Step in out of the late afternoon sun, and as your eyes adjust, take in the surroundings. Suspended from the ceiling over the bar, swimming through the air in front of a bank of flat-screen TVs, is a life-size sculpture of a shark. Overhead light fixtures are fashioned from tin buckets. The walls, marine blue over corrugated metal wainscoting, are plastered with surfboards, beer ads, nautical scenes and T-shirts for sale.
Clearly, the marketing department for Shuckin’ Shack Oyster Bar, a small chain based on the North Carolina coast, knows its subject. And if the decor seems a bit heavy on the cliches, well, that’s true to seafood-shack form, isn’t it?
Not that anyone is likely to call the menu generic. Sure, the offering includes the usual oyster bar suspects, though (presumably as a concession to the small strip mall space), the shuckin’ is done in the kitchen. You’ll also find a modest sampling of the Southern fried fare that’s pretty much obligatory in these parts.
But where else will you find a lobster roll “with a Carolina twist,” topped with a spicy mustard remoulade? It’s a best-seller here, along with blackened mahi fish tacos.
And don’t let the Shack’s Carolina roots mislead you into thinking that “fried seafood” translates to “Calabash style.” The fish is cod, and it’s fried in a Yuengling beer batter that pairs with crisp skin-on fries for a respectable fish and chips. The cod is also available on a sandwich or in a fried seafood combination basket with fried shrimp (good) or oysters (inconsistent).
Order a surf ’n’ turf combo, and the “surf” is what you’d expect: steamed oysters (they’ll do the shucking for an extra two bucks), shrimp or crab legs. But “turf” turns out to be chicken wings – battered and deep-fried whole wings, that is, with the flat, drumette and wingtip still in one piece. They’re available with your choice of seven sauces, including a signature Shuckin’ Hot sauce that our bartender assured us is the hottest – and does indeed pack a decent punch, but will have serious chile-heads reaching for one of the dozen or so bottled hot sauces on the bar.
The wings aren’t bad, the meat moist and the batter crunchy if somewhat dense. But if you’re a seafood fan, I say put the turf in your rearview mirror and head for the surf.
Depending on the size of your beach party, you might wade into the steamed sampler (choose three: oysters, clams, mussels, shrimp and crab legs), or take the deep plunge into Saul T’s Steampot (a dozen each of oysters and clams, a pound of snow crab legs and a half pound of shrimp with corn on the cob, served in a bucket with slaw on the side).
If you’re an oyster lover (and if you’re not, why are you here?), you might be tempted to dip your toe into the waters of the oyster sampler: four raw and a half dozen each steamed and char-grilled. Feel free to do so, with a couple of caveats. Raw oysters (two or three varieties are typically available, including some “giants” from the Gulf coast that lived up to their billing recently) are reliably fresh but sometimes carelessly shucked. Watch out for shell bits, and plan on cutting a couple of adductor muscles. Char-grilled oysters are fine, though a purist will find that their flavor is overwhelmed by the toppings, whether you opt for Parmesan-garlic of jalapeño-cheddar. Steamed oysters, on the other hand, are on the money – and the bigger the oyster, the better.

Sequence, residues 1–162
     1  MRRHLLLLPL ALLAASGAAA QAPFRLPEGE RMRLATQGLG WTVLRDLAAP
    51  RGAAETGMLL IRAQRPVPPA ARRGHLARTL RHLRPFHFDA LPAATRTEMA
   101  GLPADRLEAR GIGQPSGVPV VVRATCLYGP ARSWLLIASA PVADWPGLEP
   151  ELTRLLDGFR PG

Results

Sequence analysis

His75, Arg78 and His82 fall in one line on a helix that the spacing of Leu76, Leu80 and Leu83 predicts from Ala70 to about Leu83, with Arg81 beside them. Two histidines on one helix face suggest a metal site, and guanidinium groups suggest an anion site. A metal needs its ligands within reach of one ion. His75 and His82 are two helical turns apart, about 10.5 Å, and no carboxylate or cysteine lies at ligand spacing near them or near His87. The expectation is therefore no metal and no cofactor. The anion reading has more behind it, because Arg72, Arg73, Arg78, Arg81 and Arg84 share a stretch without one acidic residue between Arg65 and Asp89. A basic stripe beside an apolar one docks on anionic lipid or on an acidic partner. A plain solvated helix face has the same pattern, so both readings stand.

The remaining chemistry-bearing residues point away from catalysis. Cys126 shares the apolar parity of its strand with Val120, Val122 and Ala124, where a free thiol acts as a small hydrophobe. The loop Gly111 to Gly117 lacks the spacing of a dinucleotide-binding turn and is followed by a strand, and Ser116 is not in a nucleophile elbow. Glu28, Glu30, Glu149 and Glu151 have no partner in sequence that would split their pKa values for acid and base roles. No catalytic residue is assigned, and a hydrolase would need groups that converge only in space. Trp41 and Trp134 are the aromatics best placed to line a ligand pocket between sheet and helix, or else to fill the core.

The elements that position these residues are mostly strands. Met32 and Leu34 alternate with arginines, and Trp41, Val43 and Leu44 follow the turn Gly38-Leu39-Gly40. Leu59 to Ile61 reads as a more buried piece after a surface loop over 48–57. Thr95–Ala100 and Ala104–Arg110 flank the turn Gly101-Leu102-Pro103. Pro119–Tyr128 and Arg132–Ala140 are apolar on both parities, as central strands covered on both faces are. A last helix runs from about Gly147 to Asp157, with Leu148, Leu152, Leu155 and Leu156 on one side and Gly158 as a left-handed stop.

True to oyster bar tradition, service is a la carte unless otherwise specified on the menu. If you want hush puppies or some of the Shack’s creamy, coarse-cut slaw with your oyster sampler, you’ll need to order them separately. An eclectic appetizer list offers more ways to round out your meal, from fried pickles to a shareable cold crab dip that’s tasty enough, though the fine texture makes you wonder why they use lump crabmeat.
In the end, though, Shuckin’ Shack is an oyster bar at heart. That’s evident even in the list of specialty cocktails, where you’ll find the Shacktini: chilled Tito’s vodka with a skewer of steamed oyster and spicy olives, served in a glass with an Old Bay rim.
Brad Barbour, the local franchisee, has been a fan of Shuckin’ Shack for well over a decade, dating back to the days when Barbour – a Sanford native who attended UNC-Wilmington – was a regular at the original Carolina Beach location. He opened the Cary location, the seventh in the chain, in January.
In decorating his restaurant, Barbour did a little digging – not of the clam variety, but in town archives – to personalize the space. The result, scattered among crushed oyster shells under Shuckin’ Shack’s acrylic bar top, is a mingled collection of vintage black and white photos of Cary and coastal scenes. “I wanted to bring the coast to Cary,” he explains.
I’d say he did just that.
4214 NW Cary Parkway, Cary; 919-377-2283
Rating: ☆☆ 1/2
Atmosphere: flip-flops-and-sunburn-evoking seafood shack
Noise level: moderate to high
Recommended: raw and steamed oysters (check the board for varieties on offer), steamed seafood samplers
Open: lunch and dinner daily
Reservations: not accepted
Other: full bar; accommodates children; minimal vegetarian selection; parking in lot.
The N&O’s critic dines anonymously; the newspaper pays for all meals. We rank restaurants in five categories: ☆☆☆☆☆ Extraordinary ☆☆☆☆ Excellent. ☆☆☆ Above average. ☆☆ Average. ☆ Fair.
The dollar signs defined: $ Entrees average less than $10. $$ Entrees $11 to $16. $$$ Entrees $17 to $25. $$$$ Entrees more than $25.